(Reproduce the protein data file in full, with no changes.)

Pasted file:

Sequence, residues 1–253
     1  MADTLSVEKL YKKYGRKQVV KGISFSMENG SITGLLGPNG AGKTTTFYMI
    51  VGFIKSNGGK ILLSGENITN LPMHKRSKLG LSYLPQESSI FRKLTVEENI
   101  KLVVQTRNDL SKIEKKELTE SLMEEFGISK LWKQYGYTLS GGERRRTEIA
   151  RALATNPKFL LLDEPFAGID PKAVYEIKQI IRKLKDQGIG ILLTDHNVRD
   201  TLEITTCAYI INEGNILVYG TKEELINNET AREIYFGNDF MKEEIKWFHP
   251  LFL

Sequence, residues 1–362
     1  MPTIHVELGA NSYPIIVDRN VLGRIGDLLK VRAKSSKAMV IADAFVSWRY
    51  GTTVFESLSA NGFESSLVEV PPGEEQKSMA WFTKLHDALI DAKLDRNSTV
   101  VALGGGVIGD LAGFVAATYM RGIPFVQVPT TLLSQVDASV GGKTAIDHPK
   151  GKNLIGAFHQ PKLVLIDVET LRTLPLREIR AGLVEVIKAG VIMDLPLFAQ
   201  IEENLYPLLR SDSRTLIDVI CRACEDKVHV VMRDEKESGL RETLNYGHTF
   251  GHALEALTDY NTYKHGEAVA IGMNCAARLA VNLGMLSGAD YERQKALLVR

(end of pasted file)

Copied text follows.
Sequence, residues 1–253
     1  MADTLSVEKL YKKYGRKQVV KGISFSMENG SITGLLGPNG AGKTTTFYMI
    51  VGFIKSNGGK ILLSGENITN LPMHKRSKLG LSYLPQESSI FRKLTVEENI
   101  KLVVQTRNDL SKIEKKELTE SLMEEFGISK LWKQYGYTLS GGERRRTEIA
   151  RALATNPKFL LLDEPFAGID PKAVYEIKQI IRKLKDQGIG ILLTDHNVRD
   201  TLEITTCAYI INEGNILVYG TKEELINNET AREIYFGNDF MKEEIKWFHP
   251  LFL

Sequence, residues 1–362
     1  MPTIHVELGA NSYPIIVDRN VLGRIGDLLK VRAKSSKAMV IADAFVSWRY
    51  GTTVFESLSA NGFESSLVEV PPGEEQKSMA WFTKLHDALI DAKLDRNSTV
   101  VALGGGVIGD LAGFVAATYM RGIPFVQVPT TLLSQVDASV GGKTAIDHPK
   151  GKNLIGAFHQ PKLVLIDVET LRTLPLREIR AGLVEVIKAG VIMDLPLFAQ
   201  IEENLYPLLR SDSRTLIDVI CRACEDKVHV VMRDEKESGL RETLNYGHTF
   251  GHALEALTDY NTYKHGEAVA IGMNCAARLA VNLGMLSGAD YERQKALLVR